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The Rand Report: Sex workers on Lake St.

By Rand Retterath

Rand Retterrath

Part 1 of a series.

For the past six or seven years, many of us have been documenting the rise in prostitution along Lake St. and Bloomington, long known as the sex destination for Minneapolis, as Selby Dale is for St. Paul. Apart from the spectacular increase and the universal agreement that it had been years since we had witnessed such an influx, people were universally upset with the fact that it seemed as though we were chasing our tail.  The ebb and flow of sex trafficking is constant.

At about the same time, I listened to an elected official report on sex trafficking of children for which the city had paid a couple thousand dollars and was left wondering what, if anything, I had learned that I could not have gleaned from an episode of Law and Order.

At another unrelated venue I was able to listen to two transgender sex workers talk about their desire for sex work. One indicated she did it because she could, and the other said that she felt safe on the streets.

Finally, while running one day, I came across a young girl waiting for MTC while a creepy man scoped her out. She was unsafe. I stood there until her bus came. It then occurred to me that I typically saw eight school buses picking up our children on 29th between Cedar and 11th in the midst of the sex trade.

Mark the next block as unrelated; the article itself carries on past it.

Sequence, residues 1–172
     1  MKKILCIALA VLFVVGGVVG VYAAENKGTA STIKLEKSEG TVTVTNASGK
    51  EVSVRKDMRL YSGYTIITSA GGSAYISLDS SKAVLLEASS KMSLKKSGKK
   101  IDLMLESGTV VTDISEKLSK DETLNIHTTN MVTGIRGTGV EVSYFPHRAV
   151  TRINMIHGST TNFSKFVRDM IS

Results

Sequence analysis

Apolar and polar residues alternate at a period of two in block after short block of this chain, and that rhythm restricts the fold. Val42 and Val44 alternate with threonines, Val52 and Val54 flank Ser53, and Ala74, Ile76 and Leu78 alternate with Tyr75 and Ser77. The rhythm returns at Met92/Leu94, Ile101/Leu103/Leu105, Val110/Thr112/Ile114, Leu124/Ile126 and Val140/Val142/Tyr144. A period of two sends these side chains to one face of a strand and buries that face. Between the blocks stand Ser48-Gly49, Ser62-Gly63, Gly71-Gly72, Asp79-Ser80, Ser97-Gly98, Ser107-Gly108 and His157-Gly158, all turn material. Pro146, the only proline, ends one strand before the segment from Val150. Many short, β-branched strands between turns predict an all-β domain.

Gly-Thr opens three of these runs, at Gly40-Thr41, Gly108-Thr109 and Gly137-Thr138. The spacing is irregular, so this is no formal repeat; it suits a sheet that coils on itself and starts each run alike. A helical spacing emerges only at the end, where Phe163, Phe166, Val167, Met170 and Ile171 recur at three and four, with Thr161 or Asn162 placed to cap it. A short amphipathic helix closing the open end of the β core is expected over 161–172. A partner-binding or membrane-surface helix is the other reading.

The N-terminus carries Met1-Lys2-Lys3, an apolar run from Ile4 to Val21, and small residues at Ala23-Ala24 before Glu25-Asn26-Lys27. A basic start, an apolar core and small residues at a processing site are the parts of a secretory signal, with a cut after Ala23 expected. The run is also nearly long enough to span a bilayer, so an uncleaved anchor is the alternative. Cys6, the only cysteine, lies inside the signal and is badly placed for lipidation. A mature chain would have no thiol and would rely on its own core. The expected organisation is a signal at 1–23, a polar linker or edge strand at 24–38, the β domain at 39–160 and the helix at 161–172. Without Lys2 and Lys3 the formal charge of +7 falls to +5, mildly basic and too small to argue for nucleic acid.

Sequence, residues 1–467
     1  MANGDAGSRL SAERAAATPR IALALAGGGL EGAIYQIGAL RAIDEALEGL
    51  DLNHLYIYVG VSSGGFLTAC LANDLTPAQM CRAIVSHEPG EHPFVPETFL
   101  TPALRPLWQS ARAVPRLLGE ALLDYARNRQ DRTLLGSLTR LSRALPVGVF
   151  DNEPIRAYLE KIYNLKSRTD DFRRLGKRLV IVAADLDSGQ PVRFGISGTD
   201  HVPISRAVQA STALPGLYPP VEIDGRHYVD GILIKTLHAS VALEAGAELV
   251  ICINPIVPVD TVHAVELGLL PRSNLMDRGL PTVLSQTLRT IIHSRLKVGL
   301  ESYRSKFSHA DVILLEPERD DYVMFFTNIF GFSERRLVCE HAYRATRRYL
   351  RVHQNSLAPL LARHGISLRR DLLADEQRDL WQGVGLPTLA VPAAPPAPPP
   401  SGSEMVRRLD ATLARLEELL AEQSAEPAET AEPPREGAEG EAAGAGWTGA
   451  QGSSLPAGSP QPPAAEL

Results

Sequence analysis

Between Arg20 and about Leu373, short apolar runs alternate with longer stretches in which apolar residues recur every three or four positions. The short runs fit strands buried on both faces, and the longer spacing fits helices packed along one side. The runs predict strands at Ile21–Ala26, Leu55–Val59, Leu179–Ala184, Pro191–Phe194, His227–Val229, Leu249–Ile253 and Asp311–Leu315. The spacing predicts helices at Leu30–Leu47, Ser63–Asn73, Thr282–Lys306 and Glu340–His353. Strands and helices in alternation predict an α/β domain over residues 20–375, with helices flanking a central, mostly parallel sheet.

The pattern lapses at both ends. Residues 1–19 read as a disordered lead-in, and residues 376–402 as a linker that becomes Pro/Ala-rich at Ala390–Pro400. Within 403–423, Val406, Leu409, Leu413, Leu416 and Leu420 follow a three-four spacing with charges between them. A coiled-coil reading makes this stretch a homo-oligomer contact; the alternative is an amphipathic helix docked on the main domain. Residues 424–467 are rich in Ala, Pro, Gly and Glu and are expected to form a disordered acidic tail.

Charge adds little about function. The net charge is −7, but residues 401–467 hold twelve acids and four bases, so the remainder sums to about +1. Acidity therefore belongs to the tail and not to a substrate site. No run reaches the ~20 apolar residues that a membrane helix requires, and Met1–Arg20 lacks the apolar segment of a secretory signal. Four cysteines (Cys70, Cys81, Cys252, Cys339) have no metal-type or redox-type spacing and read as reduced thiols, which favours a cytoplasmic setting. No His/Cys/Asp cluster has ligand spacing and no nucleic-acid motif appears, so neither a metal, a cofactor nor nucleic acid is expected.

I routinely noticed a large convocation of sex workers on 16th and Lake right next to a child care center. I also documented an incredible number of students from Hiawatha Academy picking up the bus at Bloomington and Lake, arguably ground zero for the sex and drug trade along Lake Street.

I noticed statistical anomalies in the clustering and wondered why. With the exception of Bloomington and Lake, the high-density activity seems to occur around the property of a single owner/landlord (currently cluster in or near Clinton, 5th, Portland, Bloomington and 17th ).

On a recent run, at 5:30 a.m., I encountered three sex workers at Bloomington and Lake, a John or pimp at 15th and Lake, another sex worker at 15th and Lake, a transgender sex worker on Columbus and Lake followed by her pimp.  The pimp was wearing a jacket similar to, if not the exact one, of drug sellers at the Minnehaha Transit station.  

There was another sex worker across the street at Columbus.  At the Portland bus shelter was another trans sex worker, a cis female sex worker and their pimp.  At 5th and Lake there were 2 more sex workers.  Finally at Clinton I came across a suspicious vehicle.

Remember, this was all on one run.

Over the years, I have spoken to these men and women.  I have found a Lesbian pimping her girlfriend and at least four gay men working on Lake Street. I have found rent boys in same locations and documented occasions where up to 35% of the known sex-workers at a given time were trans.

All of this got me thinking.  We have argued that the sex industry is gender-based, with men oppressing women and forcing them in to this. While that remains statistically relevant, it does not explain the trans, gay and lesbian involvement.  

It also upset me that this gender-based argument translates to sentencing.  Johns are given gross misdemeanors and sex workers a misdemeanor. That begged another question for me, who has the greater negative impact on my community ?The gender-based political argument would have the demand supply of the equation at fault. However, the supply side participants are the ones living here and among us. They are also the ones with the needles and other maladaptive behavior. I have seen them beaten and beating.